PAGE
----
The unity we experience as believers should be prevalent and obvious to those around us. Ephesians 4:4-6 Paul says, 4 There is one body and one Spirit – just as you were called to one hope when you were called – 5 one Lord, one faith, one baptism; 6 one God and Father of all, who is over all and through all and in all. In reality, many times we experience anything but unity. We focus on majoring in the minors and fail to look at the big picture. If we cannot see the “big picture” message of Christ, which is to love God and love others, then we fail our mission from Him. We need to focus on the things that bind us and not on the things that divide.
The freedom we received through Christ is immense. Without Christ our approachability to God would be limited, just as it was for the Jewish people in the Old Testament. In Ephesians 3:12 Paul says, In him and through faith in him we may approach God with freedom and confidence. We have confidence because of the freedom we have through Christ and it is because of Him that we can have true relationship with God.
In Psalm 144:4 David reminds us, Man is like a breath; his days are like fleeting shadow. This is very similar to James 4:14 where it says, “…You are a midst that appears for a little while and then vanishes.” God never promised us eternal life here on earth; He promised it with Him in eternity. But God did place us here on earth for a purpose. Let us not waste our time on inferior endeavors that have little to no impact in the light of eternity. Let us live our life with purpose, constantly seeking God’s will for our lives.
A prayer for guidance is self-centered if it is not accompanied by a recognition that God has the power to redirect our path. Wanting guidance to fit out wants and ignoring God’s will is not obedience. Psalm 143:10 says, Teach me to do your will, for you are my God; may your good Spirit lead me on level ground. David asked God to teach him to do God’s will and not his own. We should be asking God to open our eyes to His will so that we may know the right direction for our lives and align our wills with God’s.
We all get overwhelmed by our circumstances and stress. And while we don’t always turn to God as our first response, He is the best solution to all our problems in ever situation. In Psalm 142:1 David begins the Psalm with a plea for help, I cry aloud to the Lord; I lift up my voice to the Lord for mercy. There is no question God is the only guaranteed solution to all our problems. We may not always like the answers, and our requests may not be answered exactly as we had envisioned in our minds, but when God answers our prayers, it is the best answer in the light of eternity.
Sometime, in our sorrow, we forget what it’s like to be joyful. When the Israelites were exiled or in captivity, they would work hard to maintain their culture and their identity as God’s chosen people. Often that identity was tied to their life back in Jerusalem. In Psalm 137:5 the author wants to desperately remember his identity as God’s chosen and what it meant to live as a free and sovereign nation under God: If I forget you, O Jerusalem, may my right hand forget its skill. For us, when we are far from God or when we have lost our joy because of the sorrow in our lives, we should cling closely to our identity in Christ and the freedom we have from salvation, regardless of our present circumstances. While this is easier said than done, there will be times when this is all we have.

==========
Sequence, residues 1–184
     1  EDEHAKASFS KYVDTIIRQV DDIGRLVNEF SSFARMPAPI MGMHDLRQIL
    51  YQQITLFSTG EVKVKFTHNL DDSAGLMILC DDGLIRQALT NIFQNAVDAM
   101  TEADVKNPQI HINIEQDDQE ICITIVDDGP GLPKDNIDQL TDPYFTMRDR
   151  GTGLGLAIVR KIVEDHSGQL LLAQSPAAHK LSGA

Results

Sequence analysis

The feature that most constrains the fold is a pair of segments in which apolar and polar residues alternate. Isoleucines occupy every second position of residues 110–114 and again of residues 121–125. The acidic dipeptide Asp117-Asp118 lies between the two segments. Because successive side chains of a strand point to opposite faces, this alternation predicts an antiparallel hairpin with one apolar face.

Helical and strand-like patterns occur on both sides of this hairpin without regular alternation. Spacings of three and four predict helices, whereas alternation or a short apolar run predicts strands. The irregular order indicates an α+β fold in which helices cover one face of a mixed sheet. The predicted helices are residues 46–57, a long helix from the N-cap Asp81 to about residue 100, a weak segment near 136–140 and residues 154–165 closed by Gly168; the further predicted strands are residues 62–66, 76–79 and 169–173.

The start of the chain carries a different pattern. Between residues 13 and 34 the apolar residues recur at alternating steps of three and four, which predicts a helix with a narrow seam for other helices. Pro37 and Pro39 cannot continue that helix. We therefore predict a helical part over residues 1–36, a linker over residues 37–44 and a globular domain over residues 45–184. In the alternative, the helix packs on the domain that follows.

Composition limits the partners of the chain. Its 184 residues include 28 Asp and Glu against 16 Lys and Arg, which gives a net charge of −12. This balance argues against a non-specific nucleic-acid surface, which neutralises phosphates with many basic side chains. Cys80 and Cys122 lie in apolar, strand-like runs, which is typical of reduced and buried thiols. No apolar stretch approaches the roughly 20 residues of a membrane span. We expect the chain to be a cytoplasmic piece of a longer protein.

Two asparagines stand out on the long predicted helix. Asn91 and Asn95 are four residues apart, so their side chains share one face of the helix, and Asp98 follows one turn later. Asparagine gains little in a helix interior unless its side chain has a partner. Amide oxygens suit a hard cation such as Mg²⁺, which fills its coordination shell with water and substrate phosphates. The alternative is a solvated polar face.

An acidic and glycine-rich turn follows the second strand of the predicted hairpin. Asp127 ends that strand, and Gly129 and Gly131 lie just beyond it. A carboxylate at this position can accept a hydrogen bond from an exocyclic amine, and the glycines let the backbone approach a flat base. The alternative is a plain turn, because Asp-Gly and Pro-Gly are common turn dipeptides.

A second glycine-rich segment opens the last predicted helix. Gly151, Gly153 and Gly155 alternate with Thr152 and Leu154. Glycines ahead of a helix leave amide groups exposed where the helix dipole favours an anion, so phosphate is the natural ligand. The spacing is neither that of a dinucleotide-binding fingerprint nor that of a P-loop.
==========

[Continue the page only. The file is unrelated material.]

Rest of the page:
As the body of Christ here on earth, we should live in unity and encourage one another to build a closer relationship with God. Unfortunately, too often we focus on minor differences of opinion. Psalm 133:1 says, How good and pleasant it is when brothers live together in unity! When we live in harmony with one another, we can spend more time focusing on Christ rather than ourselves. I believe disharmony is the greatest tool Satan has at his disposal. When we are focused internally on simple disagreements it becomes easy to lose focus on what’s really important.
Pride creates a sense of self-importance that takes away God’s glory. It also removes our ability to see the simple things in our lives as what has true value. In Psalm 131:1 David says, My heart is not proud, O Lord, my eyes are not haughty; I do not concern myself with great matters or things too wonderful for me. If we are able to look to God for the simple things and trust in Him for what’s important, then we are able to relax and know He is ultimately in control and all glory goes to Him.
It’s hard to imagine how a burned down forest is restored in just a few short years. God’s ability to restore is beyond our ability to comprehend. In Psalm 126:5-6 the Psalmist paints a picture of a farmer sowing seeds with faith they will turn into a harvest, 5 Those who sow in tears will reap with songs of joy. 6 He who goes out weeping, carrying seed to sow, will return with songs of joy, carrying sheaves with him. If we have faith, we know God can turn even the greatest sorrows in our lives back into joy if we allow Him to restore us. Remember: God’s harvest of joy will come because He has the ability to fully restore us if we let Him.
There is no problem which is too big for God. If He is the creator of all things, then our problems are not too big for him. David says in Psalm 124:8, Our help is in the name of the Lord, the Maker of heaven and earth. God knows the way out of your circumstances. He is able to guide you through it. In the previous verse, David compared this to God’s ability to guide a bird through the escape of a fowler’s snare. We just need to trust Him and obey His guidance and we will make it through.